The difficulty for me is around forgiveness.I share your discomfort with easy forgiveness,I find it facile,yet the Lord's standard is that it is for us to forgive all men.Perhaps we should read this as aspirational-that we should be actively engaged in the process of striving to forgive all those who have offended us,a bit like the injunction to be ye therefore perfect.I have experienced the resolution of finally finding it in myself to be able to forgive,and realising how this had held up my progression up to that point-but I genuinely don't see at present how I could have achieved this with integrity otherwise.But I do think there is a danger of making one's forgiveness dependant on the repentance of another,which leads to a loss of autonomy and compounds the harm of the sin.It's important that we remain masters of our own destiny as far as possible should we be sinned against.
My sister was killed in an accident some years ago,and at the time I wanted to find the young man who was held responsible in order to offer him my forgiveness.I felt that one young life had anded and another should not be ruined.Of course, this was easy as there was no malice involved.I have felt sad since that I did not act on that because of the feelings of others.I think maybe we should be striving to do all the forgiving we can.

Papa D said...

"what you view as the appropriate way to extend forgiveness."

Kent, I think that varies dependent on the situation - the sin. In general, for sins that don't have an element of such seriousness that precautions need to be taken indefinitely, I believe in the concept of "forgive and forget". I'm not sure "forgetting" always is possible on our own, so I believe we need to pray for help in that forgetting, but at the very least we can "forget" in the way we treat the person. We can refuse to "hold them accountable" in practical terms. We can be gracious in our thoughts, let go of our hurt and bitterness, embrace them as true friends, TREAT them as if the sin never occurred.

This post is more about the extreme situations where accountability really must be a continued part of true repentance - where "forgetting" simply isn't an option. I really am not talking about "typical repentance" in this post, where complete change can be assumed without much danger of severe harm if it actually is not so - and where it is fine to continue to be tempted by one's surroundings. I'm talking about situations where the nature of the sin is such that true repentance requires obvious, diligent avoidance of temptation - like an alcoholic or a child molester.

What I'm saying fundamentally is that there are situations where, for the sake of the community, extended "restrictions" need to be in place EVEN IF we personally are convinced that someone truly has repented fully. I'm also saying that the truly penitent will understand that need and not fight it.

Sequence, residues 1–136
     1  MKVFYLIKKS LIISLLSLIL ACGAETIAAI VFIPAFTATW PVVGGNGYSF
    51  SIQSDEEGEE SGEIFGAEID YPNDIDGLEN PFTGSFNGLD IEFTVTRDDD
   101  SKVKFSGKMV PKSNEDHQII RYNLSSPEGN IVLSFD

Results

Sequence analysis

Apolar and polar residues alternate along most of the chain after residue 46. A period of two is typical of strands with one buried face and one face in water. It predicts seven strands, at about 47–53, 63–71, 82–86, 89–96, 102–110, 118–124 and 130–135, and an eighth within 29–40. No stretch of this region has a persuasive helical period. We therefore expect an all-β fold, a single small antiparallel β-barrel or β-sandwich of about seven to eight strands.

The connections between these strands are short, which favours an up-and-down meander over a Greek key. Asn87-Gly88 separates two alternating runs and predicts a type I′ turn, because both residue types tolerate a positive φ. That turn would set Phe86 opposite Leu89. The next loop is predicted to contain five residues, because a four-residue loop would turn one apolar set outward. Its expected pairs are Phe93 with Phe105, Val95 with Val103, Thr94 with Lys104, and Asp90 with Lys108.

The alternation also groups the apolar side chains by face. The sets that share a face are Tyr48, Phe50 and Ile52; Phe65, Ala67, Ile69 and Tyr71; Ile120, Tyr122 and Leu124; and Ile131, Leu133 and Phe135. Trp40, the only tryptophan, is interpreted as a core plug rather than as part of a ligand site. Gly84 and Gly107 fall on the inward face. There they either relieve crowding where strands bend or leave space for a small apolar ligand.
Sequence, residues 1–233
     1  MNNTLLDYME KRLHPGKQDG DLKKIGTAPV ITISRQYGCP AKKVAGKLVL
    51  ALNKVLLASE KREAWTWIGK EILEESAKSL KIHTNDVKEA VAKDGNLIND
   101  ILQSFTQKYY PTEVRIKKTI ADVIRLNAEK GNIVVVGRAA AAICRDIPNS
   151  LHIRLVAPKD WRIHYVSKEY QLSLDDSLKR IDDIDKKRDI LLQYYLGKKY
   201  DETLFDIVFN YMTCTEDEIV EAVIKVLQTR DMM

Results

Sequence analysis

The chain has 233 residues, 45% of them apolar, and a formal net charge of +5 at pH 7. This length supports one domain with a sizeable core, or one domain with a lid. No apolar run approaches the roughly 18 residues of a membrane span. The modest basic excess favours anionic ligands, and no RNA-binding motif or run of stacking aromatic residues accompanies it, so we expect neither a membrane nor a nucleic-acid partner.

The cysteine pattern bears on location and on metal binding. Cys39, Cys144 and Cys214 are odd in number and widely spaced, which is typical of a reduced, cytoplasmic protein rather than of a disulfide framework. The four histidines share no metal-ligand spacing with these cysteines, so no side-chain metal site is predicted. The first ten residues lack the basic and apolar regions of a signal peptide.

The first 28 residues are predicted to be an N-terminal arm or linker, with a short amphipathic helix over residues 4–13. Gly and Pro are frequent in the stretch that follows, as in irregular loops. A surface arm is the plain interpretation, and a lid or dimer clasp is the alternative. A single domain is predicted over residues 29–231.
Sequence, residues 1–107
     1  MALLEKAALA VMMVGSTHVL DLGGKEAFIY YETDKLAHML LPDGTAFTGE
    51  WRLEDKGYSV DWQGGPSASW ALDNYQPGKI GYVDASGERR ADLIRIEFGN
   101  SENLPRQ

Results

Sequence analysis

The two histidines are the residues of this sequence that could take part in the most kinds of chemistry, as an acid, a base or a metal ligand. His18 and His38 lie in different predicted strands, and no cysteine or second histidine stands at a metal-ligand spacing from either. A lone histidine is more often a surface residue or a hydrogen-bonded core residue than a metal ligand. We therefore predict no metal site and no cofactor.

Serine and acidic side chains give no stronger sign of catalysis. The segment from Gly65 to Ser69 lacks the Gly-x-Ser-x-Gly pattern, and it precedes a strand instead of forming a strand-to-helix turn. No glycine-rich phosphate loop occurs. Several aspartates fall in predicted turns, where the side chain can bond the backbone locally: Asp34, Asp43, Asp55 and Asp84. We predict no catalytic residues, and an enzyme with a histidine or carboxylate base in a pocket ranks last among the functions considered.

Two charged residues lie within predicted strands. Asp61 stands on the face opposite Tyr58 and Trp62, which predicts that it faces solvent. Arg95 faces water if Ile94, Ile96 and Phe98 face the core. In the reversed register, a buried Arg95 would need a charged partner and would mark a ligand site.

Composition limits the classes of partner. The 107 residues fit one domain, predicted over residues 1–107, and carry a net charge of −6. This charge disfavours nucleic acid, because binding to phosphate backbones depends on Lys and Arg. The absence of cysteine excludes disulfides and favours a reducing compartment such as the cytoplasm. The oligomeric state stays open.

Papa D said...

"I do think there is a danger of making one's forgiveness dependent on the repentance of another."

Amen, Anonymous. I agree totally with the command to forgive all men. I just see it in the traditional Jewish vein - that I have no right to presuppose that I can forgive someone who has not harmed me. That, I believe, is the heart of "easy forgiveness" - that I claim the right to forgive someone who has harmed someone else, thus making their struggle to forgive somehow a condemnation of their sincerity or righteousness.

I can't judge how difficult it "should" be for someone else to forgive someone who has harmed her - specifically because I can't see into her soul and understand how deep and terrible the harm might be. Therefore, it's not my place to say whether or not someone else "can" fully forgive someone else. I simply know the ideal - that we strive to forgive all who have harmed us.

I need to focus on myself - and if that means I need to "forgive" those who harm others due to my hypersensitivity to harm, then so be it. I must forgive them. However, I simply can't hold that standard up for everyone and expect them to hurt for all and actively, individually forgive all who harm others.

Frankly, that kind of outlook can lead to an extreme of seeking to know who hurts whom, which can lead down a rabbit hole of assigning blame and judging in order to forgive - and that is not a healthy path to follow. I think a more productive pursuit (and better foundation standard) would be for each of us to pray for the ability to "generically forgive" all who do not harm us personally - actively "forgetting" about those cases, if you will.

Anonymous said...

My daughter travelled in Rwanda,working for a charity that seeks to put international pressure on governments to comply with their own constitutions.As part of that process she encountered a young woman who had lost her family,indeed her society,as the consequence of the genocide.She said that she felt that only God had the right to forgive the enormity of horrors she had seen.That feels at some level right,but how does one live side by side with others whom one cannot forgive?Perhaps this young woman has been able to hand that over to God.That surely is an act of grace,if it is possible.
Does anyone know of any writing by the likes of Desmond Tutu-having heard him speak about the truth and reconciliation committees I'm struck by his will to build civility,and his grasp of both justice and mercy.